6 Slide 7- 6 © The McGraw-Hill Companies, Inc., 2006 Components of Internal Control lThe Control Environment lRisk Assessment lThe Accounting Information and Communication System lControl Activities lMonitoring

7 Slide 7- 7 © The McGraw-Hill Companies, Inc., 2006 Client Risk Assessment Clients must constantly reassess its ICS because of: l Changes in regulatory or operating environment l Changes in key personnel l Implementation of new/modified information system l Rapid growth of the organization l Changes in technology affecting production processes or information systems l Introduction of new lines of business, products, or processes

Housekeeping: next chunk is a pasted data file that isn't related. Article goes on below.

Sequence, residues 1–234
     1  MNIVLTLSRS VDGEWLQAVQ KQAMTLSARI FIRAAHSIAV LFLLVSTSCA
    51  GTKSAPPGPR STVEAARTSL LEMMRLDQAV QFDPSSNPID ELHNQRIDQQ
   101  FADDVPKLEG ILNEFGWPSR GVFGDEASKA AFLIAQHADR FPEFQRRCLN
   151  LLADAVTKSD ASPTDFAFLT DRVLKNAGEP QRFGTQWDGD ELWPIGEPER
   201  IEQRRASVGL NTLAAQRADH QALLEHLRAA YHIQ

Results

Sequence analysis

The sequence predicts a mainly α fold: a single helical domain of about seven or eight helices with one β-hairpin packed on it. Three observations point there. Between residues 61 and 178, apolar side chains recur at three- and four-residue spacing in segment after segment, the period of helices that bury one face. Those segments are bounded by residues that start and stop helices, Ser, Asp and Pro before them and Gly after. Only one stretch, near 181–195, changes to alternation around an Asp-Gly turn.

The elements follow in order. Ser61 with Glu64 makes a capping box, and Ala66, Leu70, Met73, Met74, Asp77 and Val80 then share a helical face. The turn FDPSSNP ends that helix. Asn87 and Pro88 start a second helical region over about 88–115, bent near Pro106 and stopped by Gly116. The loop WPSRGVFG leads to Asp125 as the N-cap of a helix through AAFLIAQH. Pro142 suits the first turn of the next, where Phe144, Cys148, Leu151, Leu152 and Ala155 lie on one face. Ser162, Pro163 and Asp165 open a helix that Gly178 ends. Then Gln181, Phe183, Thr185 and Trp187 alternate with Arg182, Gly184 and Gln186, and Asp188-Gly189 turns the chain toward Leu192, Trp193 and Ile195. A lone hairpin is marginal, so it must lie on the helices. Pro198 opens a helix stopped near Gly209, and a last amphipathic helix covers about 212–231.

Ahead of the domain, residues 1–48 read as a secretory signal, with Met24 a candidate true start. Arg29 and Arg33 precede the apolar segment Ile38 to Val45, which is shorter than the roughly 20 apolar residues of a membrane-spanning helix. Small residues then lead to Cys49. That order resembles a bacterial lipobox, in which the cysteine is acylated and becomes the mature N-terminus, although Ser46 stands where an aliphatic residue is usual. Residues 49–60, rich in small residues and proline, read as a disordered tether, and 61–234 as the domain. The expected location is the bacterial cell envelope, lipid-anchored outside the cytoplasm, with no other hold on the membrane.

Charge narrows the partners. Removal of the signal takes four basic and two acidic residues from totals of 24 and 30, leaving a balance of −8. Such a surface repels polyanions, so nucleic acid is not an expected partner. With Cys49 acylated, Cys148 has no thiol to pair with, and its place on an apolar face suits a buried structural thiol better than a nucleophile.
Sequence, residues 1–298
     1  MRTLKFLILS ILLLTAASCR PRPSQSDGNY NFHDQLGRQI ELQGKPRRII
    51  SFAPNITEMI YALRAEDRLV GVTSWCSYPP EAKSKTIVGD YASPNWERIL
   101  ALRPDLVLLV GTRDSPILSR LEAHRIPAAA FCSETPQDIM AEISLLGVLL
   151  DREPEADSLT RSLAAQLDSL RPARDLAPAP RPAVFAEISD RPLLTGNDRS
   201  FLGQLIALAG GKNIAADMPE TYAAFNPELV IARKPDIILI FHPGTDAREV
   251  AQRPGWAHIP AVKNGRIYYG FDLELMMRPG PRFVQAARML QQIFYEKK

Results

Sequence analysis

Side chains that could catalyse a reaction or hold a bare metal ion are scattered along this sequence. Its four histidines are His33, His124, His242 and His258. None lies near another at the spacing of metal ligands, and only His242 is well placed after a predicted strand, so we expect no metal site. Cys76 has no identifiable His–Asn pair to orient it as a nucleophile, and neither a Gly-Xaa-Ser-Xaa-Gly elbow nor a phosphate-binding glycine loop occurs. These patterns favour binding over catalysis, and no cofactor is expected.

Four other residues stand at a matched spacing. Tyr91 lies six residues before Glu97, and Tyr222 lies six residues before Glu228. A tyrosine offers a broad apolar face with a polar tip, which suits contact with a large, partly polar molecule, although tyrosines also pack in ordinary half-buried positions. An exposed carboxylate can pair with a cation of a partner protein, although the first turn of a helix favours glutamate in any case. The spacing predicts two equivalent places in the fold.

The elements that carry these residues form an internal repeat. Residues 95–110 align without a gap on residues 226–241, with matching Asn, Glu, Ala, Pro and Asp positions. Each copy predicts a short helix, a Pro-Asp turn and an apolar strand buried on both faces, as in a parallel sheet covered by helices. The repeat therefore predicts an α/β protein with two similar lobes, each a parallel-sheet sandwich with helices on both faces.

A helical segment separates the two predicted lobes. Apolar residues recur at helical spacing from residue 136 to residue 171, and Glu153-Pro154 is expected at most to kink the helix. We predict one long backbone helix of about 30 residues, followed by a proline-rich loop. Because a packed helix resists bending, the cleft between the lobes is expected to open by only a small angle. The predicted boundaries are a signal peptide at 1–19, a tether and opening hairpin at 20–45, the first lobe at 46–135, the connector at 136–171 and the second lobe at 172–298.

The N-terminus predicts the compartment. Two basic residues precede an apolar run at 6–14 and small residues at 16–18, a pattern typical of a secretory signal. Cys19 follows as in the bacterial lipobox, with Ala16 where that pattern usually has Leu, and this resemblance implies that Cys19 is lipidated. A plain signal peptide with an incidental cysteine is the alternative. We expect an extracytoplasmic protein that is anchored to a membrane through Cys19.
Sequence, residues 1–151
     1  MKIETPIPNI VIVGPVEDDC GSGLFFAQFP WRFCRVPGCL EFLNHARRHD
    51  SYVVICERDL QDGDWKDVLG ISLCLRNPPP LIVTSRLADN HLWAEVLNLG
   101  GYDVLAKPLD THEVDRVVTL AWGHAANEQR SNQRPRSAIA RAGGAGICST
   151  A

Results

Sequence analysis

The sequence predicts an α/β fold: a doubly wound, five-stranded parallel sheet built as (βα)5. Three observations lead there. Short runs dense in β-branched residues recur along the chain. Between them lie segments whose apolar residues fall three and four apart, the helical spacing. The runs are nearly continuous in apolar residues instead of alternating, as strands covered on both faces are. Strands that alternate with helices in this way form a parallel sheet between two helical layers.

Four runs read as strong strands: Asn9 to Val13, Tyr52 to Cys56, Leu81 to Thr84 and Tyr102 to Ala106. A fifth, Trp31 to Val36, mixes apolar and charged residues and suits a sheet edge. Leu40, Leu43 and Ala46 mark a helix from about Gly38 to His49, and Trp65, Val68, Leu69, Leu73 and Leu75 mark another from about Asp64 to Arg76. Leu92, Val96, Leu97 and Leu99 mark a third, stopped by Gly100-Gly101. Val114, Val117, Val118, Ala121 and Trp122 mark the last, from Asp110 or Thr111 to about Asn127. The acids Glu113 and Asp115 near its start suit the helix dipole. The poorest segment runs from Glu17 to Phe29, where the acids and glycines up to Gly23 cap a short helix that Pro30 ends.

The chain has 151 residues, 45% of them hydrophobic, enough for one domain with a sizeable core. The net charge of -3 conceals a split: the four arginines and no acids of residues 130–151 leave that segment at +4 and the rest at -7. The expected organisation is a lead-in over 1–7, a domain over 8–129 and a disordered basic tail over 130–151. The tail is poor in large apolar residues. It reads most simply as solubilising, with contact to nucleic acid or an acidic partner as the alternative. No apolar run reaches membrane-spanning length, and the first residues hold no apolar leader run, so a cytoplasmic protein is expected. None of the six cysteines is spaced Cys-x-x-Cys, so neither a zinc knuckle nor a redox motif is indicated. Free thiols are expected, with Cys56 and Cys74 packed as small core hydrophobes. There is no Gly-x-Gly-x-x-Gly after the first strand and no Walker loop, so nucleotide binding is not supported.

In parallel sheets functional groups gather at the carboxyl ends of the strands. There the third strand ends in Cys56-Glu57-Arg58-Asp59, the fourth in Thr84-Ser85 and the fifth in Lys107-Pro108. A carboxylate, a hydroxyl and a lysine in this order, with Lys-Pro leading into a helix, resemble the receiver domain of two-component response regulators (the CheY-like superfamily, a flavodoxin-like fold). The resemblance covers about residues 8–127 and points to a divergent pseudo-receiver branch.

8 Slide 7- 8 © The McGraw-Hill Companies, Inc., 2006 Components of Internal Control lThe Control Environment lRisk Assessment lThe Accounting Information and Communication System lControl Activities lMonitoring

9 Slide 7- 9 © The McGraw-Hill Companies, Inc., 2006 Primary Objectives of Accounting & Information Systems l Identify & record all, but only, valid transactions l Describe on a timely basis the transactions in sufficient detail to permit proper classification of transactions l Measure the value of transactions appropriately l Determine time period in which the transactions occurred to permit recording in the proper period l Present properly the transactions and related disclosures in the financial statements

10 Slide © The McGraw-Hill Companies, Inc., 2006 Components of Internal Control lThe Control Environment lRisk Assessment lThe Accounting Information and Communication System lControl Activities lMonitoring